Tom Hosea, chairman of the board of AWB, receives a whooping cough booster vaccine. (Screen grab from KING 5 news report.)
In response to a request from Gov. Chris Gregoire, the Association of Washington Business is urging employers throughout the state to join the fight to stop the spread of whooping cough.
More than 1,200 cases of whooping cough, or pertussis, were reported as of Monday, and the state Department of Health has declared an epidemic. Last year at this time, there were 117 reported cases.
Employers can help stop the spread of the highly contagious bacterial infection by informing their workers about the need to get vaccinated. Teens and adults who have already been vaccinated should get a booster, officials said, because the vaccine wears off over time.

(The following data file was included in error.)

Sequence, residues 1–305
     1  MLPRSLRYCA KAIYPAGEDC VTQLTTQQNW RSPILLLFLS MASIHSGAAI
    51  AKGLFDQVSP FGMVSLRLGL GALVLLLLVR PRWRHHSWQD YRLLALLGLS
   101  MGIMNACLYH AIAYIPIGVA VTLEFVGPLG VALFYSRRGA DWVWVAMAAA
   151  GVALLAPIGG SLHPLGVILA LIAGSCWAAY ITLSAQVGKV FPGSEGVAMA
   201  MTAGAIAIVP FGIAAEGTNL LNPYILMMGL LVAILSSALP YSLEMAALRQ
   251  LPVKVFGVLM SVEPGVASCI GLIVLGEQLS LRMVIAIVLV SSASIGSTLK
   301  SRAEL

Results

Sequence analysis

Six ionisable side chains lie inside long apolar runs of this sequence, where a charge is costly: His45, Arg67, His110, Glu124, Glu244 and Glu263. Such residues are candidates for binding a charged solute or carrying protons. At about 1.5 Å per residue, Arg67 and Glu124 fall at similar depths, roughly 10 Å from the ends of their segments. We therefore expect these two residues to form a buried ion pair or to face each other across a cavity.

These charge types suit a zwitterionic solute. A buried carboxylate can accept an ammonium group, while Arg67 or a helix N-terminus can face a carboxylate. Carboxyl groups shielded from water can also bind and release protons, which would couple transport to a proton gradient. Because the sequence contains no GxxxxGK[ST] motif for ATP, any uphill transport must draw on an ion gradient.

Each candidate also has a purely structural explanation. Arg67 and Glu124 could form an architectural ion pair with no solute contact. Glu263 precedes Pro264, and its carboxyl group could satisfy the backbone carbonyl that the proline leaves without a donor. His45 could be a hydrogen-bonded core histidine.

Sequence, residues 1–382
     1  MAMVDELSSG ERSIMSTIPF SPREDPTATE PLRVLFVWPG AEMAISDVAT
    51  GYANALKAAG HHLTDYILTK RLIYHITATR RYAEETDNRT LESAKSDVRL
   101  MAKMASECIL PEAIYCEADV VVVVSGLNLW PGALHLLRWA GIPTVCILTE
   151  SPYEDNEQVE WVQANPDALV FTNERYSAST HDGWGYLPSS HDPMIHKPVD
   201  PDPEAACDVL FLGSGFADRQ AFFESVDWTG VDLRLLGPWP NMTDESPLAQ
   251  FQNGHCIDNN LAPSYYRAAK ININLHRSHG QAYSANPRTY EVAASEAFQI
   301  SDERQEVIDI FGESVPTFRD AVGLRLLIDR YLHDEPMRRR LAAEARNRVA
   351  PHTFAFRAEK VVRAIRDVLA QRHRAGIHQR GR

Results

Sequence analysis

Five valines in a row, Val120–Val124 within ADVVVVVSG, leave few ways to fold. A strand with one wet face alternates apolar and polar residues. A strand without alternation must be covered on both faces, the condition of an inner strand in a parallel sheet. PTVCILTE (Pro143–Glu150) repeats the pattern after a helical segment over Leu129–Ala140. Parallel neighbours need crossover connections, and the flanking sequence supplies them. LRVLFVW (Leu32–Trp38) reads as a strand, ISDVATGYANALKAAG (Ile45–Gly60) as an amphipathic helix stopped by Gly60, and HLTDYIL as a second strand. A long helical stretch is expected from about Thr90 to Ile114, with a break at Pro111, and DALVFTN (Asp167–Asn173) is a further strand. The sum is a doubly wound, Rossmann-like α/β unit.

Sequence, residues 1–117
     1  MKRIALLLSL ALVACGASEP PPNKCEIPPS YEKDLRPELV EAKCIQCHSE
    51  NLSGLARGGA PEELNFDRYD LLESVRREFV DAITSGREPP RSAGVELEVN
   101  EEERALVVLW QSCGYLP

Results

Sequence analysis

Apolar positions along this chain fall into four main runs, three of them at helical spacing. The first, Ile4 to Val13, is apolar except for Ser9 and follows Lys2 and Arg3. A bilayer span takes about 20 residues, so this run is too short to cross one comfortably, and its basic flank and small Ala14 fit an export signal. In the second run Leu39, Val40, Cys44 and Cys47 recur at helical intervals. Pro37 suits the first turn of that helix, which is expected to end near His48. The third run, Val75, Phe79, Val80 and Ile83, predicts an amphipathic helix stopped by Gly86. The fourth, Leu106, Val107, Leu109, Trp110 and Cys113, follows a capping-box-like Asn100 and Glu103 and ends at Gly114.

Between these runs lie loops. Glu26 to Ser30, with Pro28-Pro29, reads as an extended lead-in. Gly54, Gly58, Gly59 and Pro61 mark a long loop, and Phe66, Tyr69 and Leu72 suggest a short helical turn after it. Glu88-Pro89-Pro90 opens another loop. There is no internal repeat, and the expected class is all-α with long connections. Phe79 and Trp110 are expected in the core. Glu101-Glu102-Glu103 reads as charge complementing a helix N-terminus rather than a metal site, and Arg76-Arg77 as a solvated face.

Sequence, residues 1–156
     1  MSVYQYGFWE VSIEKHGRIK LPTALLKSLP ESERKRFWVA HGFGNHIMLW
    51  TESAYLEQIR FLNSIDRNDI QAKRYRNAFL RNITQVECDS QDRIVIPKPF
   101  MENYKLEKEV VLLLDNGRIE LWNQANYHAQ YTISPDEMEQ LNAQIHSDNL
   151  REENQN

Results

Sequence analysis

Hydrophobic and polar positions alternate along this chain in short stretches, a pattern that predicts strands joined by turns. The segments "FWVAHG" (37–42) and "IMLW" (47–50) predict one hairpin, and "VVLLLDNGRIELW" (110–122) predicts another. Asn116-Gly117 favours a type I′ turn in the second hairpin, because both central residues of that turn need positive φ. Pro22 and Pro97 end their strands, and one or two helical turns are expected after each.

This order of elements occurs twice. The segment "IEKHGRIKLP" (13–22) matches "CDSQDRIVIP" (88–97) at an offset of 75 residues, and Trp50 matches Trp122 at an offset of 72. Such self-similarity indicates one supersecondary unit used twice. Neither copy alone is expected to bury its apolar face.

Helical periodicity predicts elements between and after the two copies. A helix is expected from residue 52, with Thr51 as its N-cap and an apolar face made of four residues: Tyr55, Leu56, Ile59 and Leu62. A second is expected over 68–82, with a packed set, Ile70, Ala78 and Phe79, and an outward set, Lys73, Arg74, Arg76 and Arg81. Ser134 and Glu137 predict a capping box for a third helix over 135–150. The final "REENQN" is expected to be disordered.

Whooping cough usually starts with mild cold symptoms or a cough but can turn into severe coughing spells followed by gagging or vomiting. It's particularly dangerous for infants and can lead to complications that require hospitalization or even cause death.
Infants are the most at risk, but they are too young to be protected by the vaccine.
"So, it's up to families, caregivers and communities to protect them by getting vaccinated," Gregoire said.
The Tdap (tetanus diphtheria and accelluarl pertussis) booster vaccine is widely available at doctor's offices, pharmacies, healthcare offices and clinics.
In Olympia, the vaccine was available from the Safeway pharmacy for $59.95 without insurance. With insurance, the cost may be less.